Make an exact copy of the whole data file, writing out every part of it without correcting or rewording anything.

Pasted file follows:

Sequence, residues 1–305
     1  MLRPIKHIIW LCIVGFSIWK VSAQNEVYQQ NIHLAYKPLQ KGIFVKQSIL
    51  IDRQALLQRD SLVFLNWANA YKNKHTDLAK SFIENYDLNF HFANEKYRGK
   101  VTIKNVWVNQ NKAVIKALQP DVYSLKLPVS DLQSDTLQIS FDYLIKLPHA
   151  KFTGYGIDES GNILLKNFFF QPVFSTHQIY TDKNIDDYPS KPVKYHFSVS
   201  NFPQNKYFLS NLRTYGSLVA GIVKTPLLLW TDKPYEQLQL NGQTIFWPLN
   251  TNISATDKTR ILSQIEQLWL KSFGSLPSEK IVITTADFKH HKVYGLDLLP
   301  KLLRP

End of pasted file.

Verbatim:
Sequence, residues 1–305
     1  MLRPIKHIIW LCIVGFSIWK VSAQNEVYQQ NIHLAYKPLQ KGIFVKQSIL
    51  IDRQALLQRD SLVFLNWANA YKNKHTDLAK SFIENYDLNF HFANEKYRGK
   101  VTIKNVWVNQ NKAVIKALQP DVYSLKLPVS DLQSDTLQIS FDYLIKLPHA
   151  KFTGYGIDES GNILLKNFFF QPVFSTHQIY TDKNIDDYPS KPVKYHFSVS
   201  NFPQNKYFLS NLRTYGSLVA GIVKTPLLLW TDKPYEQLQL NGQTIFWPLN
   251  TNISATDKTR ILSQIEQLWL KSFGSLPSEK IVITTADFKH HKVYGLDLLP
   301  KLLRP